The Quixote Project

We hail from the great state of New Jersey and are a neo-roots music outfit. From Rock to Rockabilly, Bluegrass to Soul we like to pull from traditional lines to kick in the doors of modern music. Call this musical hodgepodge what you will but at the end of the day we strive to create one cohesive musical experience. With engrained stylings derived from the Pines Barrens, steel-toed foot stomping beats, and fine crafted melodies and lyrics we are a band of musicians known as The Quixote Project.

Alexis Cunningham

From the moment the audience sees her on stage, Alexis makes instant fans as she draws you in with her uniquely haunting voice and long mermaid’s tresses, then holds you mesmerized with the wit and power of her words. You find yourself singing along, even if you are hearing her for the very first time. Her songs express a natural curiousity into the human spirit of relationships, their aspirations, successes and failures - from a young woman’s perspective. Her lyrical insights and catchy hooks exemplify singer-songwriting at its very best. “I’d like to inspire others and help them realize their potential. I want to change the world, one song at a time,” says Alexis. Lucky for us, she might do just that. This chanteuse has been singing and following a variety of musical styles since she was a child. Although she received her first guitar at the age of ten, Alexis did not become motivated to teach herself to play it until she was inspired by the music of Jewel at the age of fifteen. Since then, she’s made quite an impact in her short time on the music scene. She wrote and recorded her album, Love at the End of the World, released in January 2011 by Invisible Earth Records. Most recently, she was the featured artist at the Grammy Convention in Atlantic City (October 2011) with recognition for her cutting edge use of social media, such as YouTube and Facebook, to promote her music in the digital climate of her generation. Jeff Schwachter, of Atlantic City Weekly, described her as “the extraordinary talented Alexis Cunningham” and called her performance “chilling.” In June 2011, Alexis opened for Nashville singer-songwriter, Rick Ferrell at Shawnee State University. Ferrell, who has written hit songs for Tim McGraw, Faith Hill and Martina McBride, has been enormously complimentary of this young woman’s talent and potential. She has been interviewed twice for Marshall University’s “Up Late Show,” as well as “Up Close and Acoustic” with Charlie Sylvestri on Pottstown, PA radio. She played the Huntington Music Festival in August 2011, and made her radio debut in 2010 on Huntington Radio 106.3, to the delight of her growing fan-base, and continues to be one of their frequently played artists.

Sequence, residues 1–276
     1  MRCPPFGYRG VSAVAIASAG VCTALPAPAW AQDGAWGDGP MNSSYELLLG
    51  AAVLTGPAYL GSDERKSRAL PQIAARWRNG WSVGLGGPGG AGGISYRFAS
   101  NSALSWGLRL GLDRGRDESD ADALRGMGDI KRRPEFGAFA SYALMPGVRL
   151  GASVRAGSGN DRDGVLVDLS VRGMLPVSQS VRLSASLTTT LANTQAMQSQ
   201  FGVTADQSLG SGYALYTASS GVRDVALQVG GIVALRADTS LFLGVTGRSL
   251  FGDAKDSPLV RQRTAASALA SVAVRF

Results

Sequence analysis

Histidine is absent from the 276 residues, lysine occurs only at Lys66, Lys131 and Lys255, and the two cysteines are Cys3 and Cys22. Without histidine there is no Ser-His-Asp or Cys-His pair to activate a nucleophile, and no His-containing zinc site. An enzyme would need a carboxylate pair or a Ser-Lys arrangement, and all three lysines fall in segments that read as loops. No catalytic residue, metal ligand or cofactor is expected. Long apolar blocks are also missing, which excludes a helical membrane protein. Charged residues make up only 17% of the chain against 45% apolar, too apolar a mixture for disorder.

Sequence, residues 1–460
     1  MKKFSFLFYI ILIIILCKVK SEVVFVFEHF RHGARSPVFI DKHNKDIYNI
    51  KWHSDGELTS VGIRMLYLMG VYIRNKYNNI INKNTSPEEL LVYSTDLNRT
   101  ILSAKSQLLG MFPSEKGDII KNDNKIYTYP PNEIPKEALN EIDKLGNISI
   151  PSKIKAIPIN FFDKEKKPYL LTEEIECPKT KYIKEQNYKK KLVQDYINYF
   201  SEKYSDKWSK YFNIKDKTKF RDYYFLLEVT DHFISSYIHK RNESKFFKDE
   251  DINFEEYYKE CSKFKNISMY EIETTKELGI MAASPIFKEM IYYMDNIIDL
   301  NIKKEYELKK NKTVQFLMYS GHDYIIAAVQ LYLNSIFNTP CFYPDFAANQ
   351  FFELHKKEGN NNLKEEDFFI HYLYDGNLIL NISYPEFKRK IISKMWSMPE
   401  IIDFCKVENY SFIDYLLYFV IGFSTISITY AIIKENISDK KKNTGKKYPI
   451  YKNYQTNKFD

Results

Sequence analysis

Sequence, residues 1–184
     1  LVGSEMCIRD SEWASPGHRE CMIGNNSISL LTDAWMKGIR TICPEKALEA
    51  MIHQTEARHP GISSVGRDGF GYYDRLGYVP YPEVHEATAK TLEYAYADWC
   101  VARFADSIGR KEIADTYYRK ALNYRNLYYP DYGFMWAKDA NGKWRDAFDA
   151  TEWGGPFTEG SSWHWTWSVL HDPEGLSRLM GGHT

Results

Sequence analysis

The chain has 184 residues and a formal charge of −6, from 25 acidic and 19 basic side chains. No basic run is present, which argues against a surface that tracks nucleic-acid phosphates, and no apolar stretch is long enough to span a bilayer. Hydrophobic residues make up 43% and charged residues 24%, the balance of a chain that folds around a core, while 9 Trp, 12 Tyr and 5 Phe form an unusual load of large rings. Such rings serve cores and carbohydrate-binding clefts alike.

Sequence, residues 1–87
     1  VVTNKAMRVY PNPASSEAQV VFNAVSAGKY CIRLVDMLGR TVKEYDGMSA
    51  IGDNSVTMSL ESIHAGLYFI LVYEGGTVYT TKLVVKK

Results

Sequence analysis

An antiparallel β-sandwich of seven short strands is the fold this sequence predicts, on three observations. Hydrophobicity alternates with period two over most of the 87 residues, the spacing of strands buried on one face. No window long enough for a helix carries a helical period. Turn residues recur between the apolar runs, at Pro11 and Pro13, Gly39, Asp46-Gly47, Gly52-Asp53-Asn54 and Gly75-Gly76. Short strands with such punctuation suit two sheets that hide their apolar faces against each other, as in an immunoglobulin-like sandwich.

$8.00 - $10.00


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Stolen Rhodes, The Quixote Project with Alexis Cunningham

Thursday, June 6 · Doors 8:00 PM / Show 9:00 PM at MilkBoy Philly